Abstract P399: Cardiovascular and Non-Cardiovascular Disease Associations with Hip Fractures in the Elderly: A Population-Based Case-Control Study
Background: There is growing awareness of an association between cardiovascular disease (CVD) and fractures, and a temporal increase in fracture risk after myocardial infarction has been noted but the mechanisms are not delineated. To evaluate this relationship, we systematically examined the association of hip fracture with all disease categories and assessed related secular trends.
Methods: Using resources of the Rochester Epidemiology Project, a population-based incident case-control study was conducted. Disease history was compared between all Olmsted County, Minnesota, residents aged 50 years or older with a first hip fracture in 1985–2006 and community control subjects individually matched (1:1) to cases on age, sex, and index year (n=3,808; mean age [SD], 82  years; 76% women).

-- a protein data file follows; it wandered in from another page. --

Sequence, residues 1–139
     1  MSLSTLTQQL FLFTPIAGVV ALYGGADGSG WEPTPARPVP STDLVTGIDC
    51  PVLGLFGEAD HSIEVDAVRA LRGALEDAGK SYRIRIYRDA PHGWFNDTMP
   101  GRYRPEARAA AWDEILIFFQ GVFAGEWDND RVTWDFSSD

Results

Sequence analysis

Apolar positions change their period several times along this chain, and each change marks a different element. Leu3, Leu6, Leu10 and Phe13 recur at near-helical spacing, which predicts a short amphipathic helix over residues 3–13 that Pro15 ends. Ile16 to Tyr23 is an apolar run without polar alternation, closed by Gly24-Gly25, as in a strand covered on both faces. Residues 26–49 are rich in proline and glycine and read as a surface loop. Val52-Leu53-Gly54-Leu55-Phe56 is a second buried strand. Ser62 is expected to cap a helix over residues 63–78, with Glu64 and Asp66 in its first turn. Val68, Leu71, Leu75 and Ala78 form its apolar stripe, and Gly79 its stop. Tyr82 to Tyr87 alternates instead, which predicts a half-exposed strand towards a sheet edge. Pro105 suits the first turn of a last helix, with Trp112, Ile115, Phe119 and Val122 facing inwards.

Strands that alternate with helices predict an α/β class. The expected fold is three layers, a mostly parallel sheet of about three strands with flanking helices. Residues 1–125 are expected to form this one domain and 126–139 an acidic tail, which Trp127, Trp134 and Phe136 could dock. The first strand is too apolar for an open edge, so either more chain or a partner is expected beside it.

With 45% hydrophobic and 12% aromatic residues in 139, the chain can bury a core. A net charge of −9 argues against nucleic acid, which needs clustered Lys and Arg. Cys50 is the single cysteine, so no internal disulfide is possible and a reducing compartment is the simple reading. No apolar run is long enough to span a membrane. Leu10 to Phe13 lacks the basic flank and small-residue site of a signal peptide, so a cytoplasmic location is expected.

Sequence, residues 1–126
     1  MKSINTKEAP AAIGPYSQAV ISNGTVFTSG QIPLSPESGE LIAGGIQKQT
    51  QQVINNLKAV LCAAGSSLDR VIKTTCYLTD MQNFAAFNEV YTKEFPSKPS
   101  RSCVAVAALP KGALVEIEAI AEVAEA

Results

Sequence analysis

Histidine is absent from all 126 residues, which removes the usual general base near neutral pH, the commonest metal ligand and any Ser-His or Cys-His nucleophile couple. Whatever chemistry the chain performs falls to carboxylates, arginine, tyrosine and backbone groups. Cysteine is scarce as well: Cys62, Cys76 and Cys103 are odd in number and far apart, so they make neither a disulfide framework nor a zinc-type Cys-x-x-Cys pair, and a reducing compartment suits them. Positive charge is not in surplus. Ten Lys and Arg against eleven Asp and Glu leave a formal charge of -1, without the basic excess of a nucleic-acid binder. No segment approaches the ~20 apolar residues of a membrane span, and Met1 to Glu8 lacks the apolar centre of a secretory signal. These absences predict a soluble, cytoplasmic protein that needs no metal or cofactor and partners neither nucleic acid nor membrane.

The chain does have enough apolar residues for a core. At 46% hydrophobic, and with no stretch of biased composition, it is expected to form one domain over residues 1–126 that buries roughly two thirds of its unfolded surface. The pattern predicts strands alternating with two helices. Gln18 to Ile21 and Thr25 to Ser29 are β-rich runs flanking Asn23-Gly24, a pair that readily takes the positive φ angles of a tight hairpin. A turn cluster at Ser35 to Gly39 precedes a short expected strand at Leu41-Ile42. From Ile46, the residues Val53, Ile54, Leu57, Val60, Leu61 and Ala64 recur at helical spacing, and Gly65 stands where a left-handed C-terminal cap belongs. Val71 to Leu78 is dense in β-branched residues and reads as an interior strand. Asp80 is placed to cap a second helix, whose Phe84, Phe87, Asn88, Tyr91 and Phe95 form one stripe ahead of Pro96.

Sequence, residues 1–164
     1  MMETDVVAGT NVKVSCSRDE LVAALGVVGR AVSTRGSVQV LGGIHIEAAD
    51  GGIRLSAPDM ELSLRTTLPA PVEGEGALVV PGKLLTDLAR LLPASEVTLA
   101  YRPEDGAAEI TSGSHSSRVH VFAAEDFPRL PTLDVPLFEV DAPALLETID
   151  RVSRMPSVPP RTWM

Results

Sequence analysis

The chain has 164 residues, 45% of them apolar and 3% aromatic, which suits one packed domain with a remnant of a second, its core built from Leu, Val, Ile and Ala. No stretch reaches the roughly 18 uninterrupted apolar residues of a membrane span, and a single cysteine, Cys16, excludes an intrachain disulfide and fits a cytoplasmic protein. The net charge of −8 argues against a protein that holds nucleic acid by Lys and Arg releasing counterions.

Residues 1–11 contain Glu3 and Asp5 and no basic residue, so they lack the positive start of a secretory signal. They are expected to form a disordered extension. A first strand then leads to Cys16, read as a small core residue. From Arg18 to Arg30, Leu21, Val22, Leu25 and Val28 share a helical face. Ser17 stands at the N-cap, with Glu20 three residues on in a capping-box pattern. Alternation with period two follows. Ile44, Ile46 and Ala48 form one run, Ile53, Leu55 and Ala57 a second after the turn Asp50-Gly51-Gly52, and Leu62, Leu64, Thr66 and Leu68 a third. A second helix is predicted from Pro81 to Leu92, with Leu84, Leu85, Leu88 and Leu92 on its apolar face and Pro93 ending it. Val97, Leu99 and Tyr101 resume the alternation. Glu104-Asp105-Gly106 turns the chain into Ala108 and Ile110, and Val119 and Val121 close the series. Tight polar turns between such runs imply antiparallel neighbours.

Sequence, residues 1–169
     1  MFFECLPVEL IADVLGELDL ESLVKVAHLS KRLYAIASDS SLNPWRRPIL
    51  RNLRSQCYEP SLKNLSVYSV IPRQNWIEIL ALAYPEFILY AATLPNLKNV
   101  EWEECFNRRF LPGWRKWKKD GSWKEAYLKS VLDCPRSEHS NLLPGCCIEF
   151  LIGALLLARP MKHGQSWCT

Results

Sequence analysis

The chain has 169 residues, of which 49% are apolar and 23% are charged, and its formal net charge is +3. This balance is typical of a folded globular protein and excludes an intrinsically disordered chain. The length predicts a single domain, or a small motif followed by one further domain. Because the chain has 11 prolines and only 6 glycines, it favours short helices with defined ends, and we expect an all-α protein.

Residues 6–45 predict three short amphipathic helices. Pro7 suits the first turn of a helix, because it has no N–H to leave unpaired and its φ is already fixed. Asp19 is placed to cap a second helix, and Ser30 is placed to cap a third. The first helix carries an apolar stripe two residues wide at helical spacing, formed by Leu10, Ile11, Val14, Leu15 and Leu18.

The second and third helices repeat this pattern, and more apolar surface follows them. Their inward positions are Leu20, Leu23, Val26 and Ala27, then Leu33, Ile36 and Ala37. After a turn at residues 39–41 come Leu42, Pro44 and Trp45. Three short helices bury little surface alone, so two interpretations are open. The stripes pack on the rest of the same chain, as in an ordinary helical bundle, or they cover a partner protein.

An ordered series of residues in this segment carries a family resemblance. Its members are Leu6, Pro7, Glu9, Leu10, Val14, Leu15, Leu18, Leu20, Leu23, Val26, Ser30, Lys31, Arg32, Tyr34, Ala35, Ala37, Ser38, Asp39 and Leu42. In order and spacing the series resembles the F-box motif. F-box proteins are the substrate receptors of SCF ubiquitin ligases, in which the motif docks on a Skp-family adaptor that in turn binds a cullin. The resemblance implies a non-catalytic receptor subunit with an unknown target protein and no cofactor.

Results: All CVD and numerous non-CVD categories (e.g., infectious diseases, nutritional and metabolic diseases, mental disorders, diseases of the nervous system and sense organs, and diseases of the respiratory system) were associated with fracture risk. However, increasing temporal trends were almost exclusively detected in categories of CVD (Figure). The largest increases in association were observed for ischemic heart disease, other forms of heart disease (including heart failure), hypertension, and diabetes and were more pronounced among elderly women than other demographic groups.
Conclusions: While the association with hip fracture was not specific to CVD, temporal increases were mainly detected in cardio-metabolic diseases, all of which have also been linked previously to frailty. This could delineate a common pathway that warrants further investigation.
- © 2012 by American Heart Association, Inc.